- Foodora announced it would close operations in Australia on August 2, but 15 days later was placed in voluntary administration.
- It’s believed that concerns over outstanding tax liabilities to both the NSW and federal governments led the German parent company, Delivery Hero, to pull its support for the business, hastening its demise.
- Delivery Hero, worth around $AU12 billion, says it is owed $28 million in a loan to the Australian operation.
- The ATO has yet to finalise how much the company owes in tax and superannuation.
- On the day the business was placed in voluntary administration, the company paid to Foodora-related entities in Asia nearly $100,000.
Global food delivery business Foodora fled Australia earlier this month potentially owing millions in tax, superannuation, as well as a $28 million loan to its German parent company Delivery Hero.
Foodora’s true financial position – the company was placed in voluntary administration a fortnight ago, just days before it was due to wind up operations on August 20 – appears to be in stark contrast to public statements made by company representatives ahead of its collapse.
Creditors met yesterday to hear about the state of the business for the first time. A second meeting is due before September 21.
Worrells Solvency was appointed as administrators on August 17 saying the business faced “significant external challenges”. Foodora Australia announced on August 2, having first met with Worrells on July 26 about implementing closure plan.
NSW Revenue notified Foodora Australia it was investigating back in March 2018, while the closure announcement sparked the latest ATO audit, with the tax office contacting Foodora’s external accountant.
The business was also facing a range of legal challenges, including an unfair dismissal case and allegations by the employment watchdog the Fair Work Ombudsman (FWO) that the company engaged in sham contracts for delivery drivers.
The dispute over contracting was at the core of the government arguments over tax liabilities, which are believed to be in the millions of dollars.
Foodora slid into administration with $500,000 in cash in the bank as part of $566,000 in assets, and owing $28.25 million, not counting a two-year ongoing dispute with both the Australian Tax Office and Revenue NSW over payments for unpaid superannuation, payroll taxes and Pay As You Go taxes. The only secured creditor was office supplies business Winc Australia, owed $93,000 for the Lenovo tablets it supplied.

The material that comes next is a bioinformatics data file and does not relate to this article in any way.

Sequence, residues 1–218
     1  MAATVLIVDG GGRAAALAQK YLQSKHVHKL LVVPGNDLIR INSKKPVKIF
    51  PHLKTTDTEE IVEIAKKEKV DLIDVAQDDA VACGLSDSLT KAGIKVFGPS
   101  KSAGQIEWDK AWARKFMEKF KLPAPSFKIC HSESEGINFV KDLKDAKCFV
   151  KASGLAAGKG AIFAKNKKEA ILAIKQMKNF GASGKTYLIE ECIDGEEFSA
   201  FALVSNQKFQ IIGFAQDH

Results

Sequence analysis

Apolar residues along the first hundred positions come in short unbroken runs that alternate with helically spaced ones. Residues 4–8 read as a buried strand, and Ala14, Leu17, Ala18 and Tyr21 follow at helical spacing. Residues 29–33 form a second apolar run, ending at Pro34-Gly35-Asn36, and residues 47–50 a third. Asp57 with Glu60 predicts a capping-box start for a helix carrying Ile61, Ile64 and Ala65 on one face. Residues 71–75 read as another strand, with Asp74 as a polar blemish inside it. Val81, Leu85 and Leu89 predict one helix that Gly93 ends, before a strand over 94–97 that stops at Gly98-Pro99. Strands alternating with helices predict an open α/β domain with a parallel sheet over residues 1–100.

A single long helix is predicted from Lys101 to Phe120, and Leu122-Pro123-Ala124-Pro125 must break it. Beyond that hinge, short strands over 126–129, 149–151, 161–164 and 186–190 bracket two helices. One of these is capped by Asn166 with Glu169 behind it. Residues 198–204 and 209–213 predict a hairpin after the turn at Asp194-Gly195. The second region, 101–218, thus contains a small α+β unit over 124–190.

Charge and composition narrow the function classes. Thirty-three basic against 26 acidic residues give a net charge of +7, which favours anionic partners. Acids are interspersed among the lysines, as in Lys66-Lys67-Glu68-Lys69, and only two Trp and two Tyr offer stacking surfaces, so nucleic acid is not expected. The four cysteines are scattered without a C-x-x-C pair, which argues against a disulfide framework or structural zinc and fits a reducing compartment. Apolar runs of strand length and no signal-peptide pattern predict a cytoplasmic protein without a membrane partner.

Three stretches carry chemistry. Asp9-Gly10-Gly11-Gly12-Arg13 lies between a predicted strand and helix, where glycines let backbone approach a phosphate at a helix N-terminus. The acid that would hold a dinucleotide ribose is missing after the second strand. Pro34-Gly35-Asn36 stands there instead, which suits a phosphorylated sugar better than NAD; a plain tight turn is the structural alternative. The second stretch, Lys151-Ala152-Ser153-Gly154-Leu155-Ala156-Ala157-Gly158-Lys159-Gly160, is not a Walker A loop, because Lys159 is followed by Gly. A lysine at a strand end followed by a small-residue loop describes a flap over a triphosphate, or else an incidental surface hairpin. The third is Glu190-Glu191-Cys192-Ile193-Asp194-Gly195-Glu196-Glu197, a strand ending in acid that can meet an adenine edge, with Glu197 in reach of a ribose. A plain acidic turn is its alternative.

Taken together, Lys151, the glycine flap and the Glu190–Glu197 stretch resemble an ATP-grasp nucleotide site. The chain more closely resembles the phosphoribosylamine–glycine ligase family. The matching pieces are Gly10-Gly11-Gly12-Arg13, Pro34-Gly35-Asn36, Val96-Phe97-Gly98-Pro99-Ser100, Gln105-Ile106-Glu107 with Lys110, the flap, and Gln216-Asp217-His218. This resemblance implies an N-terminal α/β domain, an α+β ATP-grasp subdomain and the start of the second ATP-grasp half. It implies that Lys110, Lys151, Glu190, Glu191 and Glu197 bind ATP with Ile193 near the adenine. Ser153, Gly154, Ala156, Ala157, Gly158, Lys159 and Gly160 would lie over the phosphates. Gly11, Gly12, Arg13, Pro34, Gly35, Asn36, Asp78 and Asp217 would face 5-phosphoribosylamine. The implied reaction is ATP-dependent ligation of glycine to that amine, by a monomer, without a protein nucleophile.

Trade creditors were owed around $150,000, while employee entitlements and taxation debts were listed as “TBA”.
Worrells notes in its report to creditors that when it was appointed: “the Company’s position is that all employees have been paid their entitlements in full” but adds “there are a number of disputes surrounding the basis upon which the delivery riders were engaged by the Company”.
The potential taxation claims led German parent business Deliver Hero SE, worth an estimated $AU12.2 billion, to pull the pin having provided a $28 million “loan” to the local operation. At the time the company claimed it wanted to “focus on regions with greater growth potential”.
Foodora Australia said it was solvent when it announced the closure, and when it went into administration “to the best of its knowledge”, had met all payments due to creditors, specifically employees, restaurants and contract riders.
It now looks like the riders, among the company’s creditors, are unlikely to be paid.
Documents lodged with the corporate regulator ASIC by Worrells reveal that among its outstanding liabilities, there is a paid parental leave claim of $8,500 to one employee.
Worrells told ASIC that after they had been engaged by Foodora Australia: